Aviva may pull out of its Indian insurance joint venture, valued at more than $500 million, as the British insurer retreats from less-profitable markets where it has struggled to expand, people familiar with the matter said.
Aviva, which aims to cut costs by £400 million by year-end, is in the process of hiring corporate advisors to find buyers for its 26 per cent stake in Aviva Life, its venture with Dabur Group, the sources told Reuters.
The insurer is considering various options, including selling its stake to Dabur Group if it fails to find a foreign buyer, one of the sources said. Dabur Group owns personal care and food products manufacturer Dabur India.
Aviva would be the third foreign insurer to quit India since 2012, stymied by regulations that restrict foreign ownership and fierce political opposition to changing those limits.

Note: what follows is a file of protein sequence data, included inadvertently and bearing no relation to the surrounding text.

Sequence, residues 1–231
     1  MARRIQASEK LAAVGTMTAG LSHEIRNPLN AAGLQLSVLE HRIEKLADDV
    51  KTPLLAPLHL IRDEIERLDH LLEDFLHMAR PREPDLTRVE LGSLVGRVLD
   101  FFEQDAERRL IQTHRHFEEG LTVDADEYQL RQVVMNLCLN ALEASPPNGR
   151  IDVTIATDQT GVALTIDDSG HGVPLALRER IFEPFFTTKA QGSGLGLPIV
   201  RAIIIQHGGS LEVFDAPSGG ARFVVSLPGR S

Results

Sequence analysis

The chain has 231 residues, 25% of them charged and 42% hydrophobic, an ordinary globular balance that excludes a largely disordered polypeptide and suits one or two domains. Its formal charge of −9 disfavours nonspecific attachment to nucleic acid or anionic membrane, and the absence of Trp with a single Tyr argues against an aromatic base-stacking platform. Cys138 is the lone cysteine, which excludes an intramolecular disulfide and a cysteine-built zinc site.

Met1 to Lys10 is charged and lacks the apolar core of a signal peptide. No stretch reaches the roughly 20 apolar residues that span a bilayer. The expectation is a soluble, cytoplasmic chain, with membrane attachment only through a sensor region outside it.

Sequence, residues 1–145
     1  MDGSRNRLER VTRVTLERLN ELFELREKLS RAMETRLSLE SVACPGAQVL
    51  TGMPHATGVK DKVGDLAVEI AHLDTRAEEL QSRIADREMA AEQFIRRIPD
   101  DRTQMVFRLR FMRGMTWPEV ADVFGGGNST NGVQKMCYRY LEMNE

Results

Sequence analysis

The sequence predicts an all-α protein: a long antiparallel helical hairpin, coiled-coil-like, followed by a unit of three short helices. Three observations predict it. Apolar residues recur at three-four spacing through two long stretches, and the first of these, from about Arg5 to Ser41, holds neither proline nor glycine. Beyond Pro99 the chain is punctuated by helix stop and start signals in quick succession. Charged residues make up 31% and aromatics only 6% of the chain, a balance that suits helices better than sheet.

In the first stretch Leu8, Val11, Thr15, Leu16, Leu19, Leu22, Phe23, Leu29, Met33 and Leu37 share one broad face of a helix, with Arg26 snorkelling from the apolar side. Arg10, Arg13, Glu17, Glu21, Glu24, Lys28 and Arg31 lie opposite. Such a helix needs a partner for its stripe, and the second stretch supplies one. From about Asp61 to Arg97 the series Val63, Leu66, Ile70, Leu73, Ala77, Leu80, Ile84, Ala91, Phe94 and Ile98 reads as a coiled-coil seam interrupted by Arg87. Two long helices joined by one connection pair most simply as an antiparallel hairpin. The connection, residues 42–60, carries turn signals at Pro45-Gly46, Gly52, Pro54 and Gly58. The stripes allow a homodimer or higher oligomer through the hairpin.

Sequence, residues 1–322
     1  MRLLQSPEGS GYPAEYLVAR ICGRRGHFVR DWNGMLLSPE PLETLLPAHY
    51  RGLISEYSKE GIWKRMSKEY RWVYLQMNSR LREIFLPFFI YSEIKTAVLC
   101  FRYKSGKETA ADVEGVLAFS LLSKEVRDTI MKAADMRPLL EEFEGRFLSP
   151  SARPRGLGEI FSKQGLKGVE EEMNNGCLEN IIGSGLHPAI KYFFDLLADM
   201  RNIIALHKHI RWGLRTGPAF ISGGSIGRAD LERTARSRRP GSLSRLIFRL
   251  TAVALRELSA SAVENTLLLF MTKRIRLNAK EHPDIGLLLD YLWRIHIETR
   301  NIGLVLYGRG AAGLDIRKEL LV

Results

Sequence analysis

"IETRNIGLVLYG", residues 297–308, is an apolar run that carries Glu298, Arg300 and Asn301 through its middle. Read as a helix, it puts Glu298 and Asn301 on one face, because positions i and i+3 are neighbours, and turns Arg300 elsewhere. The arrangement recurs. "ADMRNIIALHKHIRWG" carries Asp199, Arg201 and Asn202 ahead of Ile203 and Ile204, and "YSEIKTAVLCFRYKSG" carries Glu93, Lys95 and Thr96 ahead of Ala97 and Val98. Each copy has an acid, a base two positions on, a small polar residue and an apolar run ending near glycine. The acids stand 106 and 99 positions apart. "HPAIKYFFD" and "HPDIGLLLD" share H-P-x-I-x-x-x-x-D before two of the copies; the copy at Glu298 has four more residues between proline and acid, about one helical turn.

Aviva declined to comment. Mohit Burman, a director of Aviva Life who represents Dabur Group, was not immediately available for comment. The sources also declined to be identified due to the confidential nature of the matter.
The insurer had identified China and India as “high priority” and “must win” markets, but the move to sell out of India signals a change in that strategy.
Last year, Aviva hired former AIA Group CEO Mark Wilson to lead a turn around in its business which was hit by slower growth in its main market Europe. Wilson joined after spiralling costs and poor share price performance triggered an investor revolt in 2012 that forced out then-CEO Andrew Moss. This year, Aviva pulled out of its Malaysian insurance joint venture and exited from Russia.